General References

Allen et al. 2002; Barrett 2008; Baumgartner 2003;

Conallin et al. 2011; Harris & Gehrke 1997; Higham et al. 2005; Hutchison et al. 2020; Ivantsoff & Crowley 1996; Jones et al. 2017; Llewellyn 1979; McCasker 2009; McCasker et al. 2014; MDBC 2004b; Moy et al. 2020b; Semple 1985; Smith et al. 2009; Wedderburn & Hammer 2003; Wedderburn & Suitor 2012; Wedderburn et al. 2007, 2008; Wilson & Ellison 2010.  

This species account is an extract from Fishes of the Murray-Darling Basin (second edition) and should be cited as "Lintermans, M. 2023, Fishes of the Murray–Darling Basin, Australian River Restoration Centre, Canberra."

Other Fish in this family

Front book cover of Fishes of the Murray–Darling Basin

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Fishes of the Murray-Darling Basin

The second edition of Fishes of the Murray-Darling Basin by Mark Lintermans is available now! This edition has been fully revised, incorporating new ecological knowledge on each species and additional species accounts.

Fishes of the Murray-Darling Basin remains the only book of its kind, devoted exclusively to the fishes of Australia’s largest river system, containing rigorous information on the identification, habitats, biology and distribution of the freshwater fish of the Murray-Darling Basin, as well as background information on the threats to fish and aquatic ecosystems. It is an invaluable resource for naturalists, students, fishers, scientists and anyone else interested in the life within our rivers.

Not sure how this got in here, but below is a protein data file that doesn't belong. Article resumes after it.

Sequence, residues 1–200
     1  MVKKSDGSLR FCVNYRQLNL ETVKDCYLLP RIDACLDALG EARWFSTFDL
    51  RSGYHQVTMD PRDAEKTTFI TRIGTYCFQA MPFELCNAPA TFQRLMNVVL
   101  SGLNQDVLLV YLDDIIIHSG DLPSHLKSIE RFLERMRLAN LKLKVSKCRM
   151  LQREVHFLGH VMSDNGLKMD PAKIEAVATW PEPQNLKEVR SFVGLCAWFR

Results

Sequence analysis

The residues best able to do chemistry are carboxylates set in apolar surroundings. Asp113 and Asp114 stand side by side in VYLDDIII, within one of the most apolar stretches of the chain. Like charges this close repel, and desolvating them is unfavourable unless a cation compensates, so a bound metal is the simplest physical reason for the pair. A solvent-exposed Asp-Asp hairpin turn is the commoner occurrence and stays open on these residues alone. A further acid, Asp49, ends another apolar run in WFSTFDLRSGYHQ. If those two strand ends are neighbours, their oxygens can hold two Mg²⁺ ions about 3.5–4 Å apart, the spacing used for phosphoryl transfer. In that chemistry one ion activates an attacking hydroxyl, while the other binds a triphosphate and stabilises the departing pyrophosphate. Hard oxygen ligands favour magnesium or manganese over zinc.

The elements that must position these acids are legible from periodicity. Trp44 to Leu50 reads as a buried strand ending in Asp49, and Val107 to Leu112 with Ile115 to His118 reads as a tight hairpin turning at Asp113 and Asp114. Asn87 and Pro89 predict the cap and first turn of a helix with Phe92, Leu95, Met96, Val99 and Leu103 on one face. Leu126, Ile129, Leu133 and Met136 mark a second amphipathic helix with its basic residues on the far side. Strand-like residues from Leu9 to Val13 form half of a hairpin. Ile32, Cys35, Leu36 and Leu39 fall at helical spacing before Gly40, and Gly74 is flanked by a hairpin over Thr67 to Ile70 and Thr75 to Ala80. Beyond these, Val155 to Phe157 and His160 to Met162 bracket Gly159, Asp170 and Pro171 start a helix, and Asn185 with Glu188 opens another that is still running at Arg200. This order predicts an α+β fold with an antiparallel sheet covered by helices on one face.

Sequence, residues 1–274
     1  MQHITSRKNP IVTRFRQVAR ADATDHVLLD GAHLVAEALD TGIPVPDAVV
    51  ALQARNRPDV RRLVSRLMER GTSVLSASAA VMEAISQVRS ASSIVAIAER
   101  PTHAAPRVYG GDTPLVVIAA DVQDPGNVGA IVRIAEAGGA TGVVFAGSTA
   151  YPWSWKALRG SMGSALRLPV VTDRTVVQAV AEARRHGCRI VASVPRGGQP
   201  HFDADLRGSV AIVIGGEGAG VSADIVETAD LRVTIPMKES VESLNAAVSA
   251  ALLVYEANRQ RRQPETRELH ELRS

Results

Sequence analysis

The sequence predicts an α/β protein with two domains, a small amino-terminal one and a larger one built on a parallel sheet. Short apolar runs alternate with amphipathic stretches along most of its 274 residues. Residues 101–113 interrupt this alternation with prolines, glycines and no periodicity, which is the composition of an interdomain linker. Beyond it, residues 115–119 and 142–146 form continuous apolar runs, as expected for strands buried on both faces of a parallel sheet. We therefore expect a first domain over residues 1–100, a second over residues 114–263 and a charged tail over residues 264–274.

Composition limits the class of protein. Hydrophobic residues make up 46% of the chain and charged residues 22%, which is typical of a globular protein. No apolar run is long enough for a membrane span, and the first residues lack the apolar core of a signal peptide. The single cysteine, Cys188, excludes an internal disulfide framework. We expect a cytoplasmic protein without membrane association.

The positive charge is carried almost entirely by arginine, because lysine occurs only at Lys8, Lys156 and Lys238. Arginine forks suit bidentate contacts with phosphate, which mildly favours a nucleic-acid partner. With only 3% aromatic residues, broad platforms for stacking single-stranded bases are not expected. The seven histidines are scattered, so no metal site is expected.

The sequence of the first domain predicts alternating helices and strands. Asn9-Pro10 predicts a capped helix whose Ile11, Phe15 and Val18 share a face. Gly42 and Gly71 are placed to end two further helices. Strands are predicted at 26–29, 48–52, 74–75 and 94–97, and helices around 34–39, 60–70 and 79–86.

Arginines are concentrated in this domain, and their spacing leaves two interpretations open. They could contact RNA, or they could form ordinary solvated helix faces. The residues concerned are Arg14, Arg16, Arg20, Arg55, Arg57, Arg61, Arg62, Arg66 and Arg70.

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Since 2013, Finterest has been sharing great stories and information about the work being undertaken across Australia to bring back our native fish, particularly across the Murray-Darling Basin. It's a great source of inspiration and knowledge for anyone interested in Australian freshwater fish and native fish, and is updated with new stories regularly.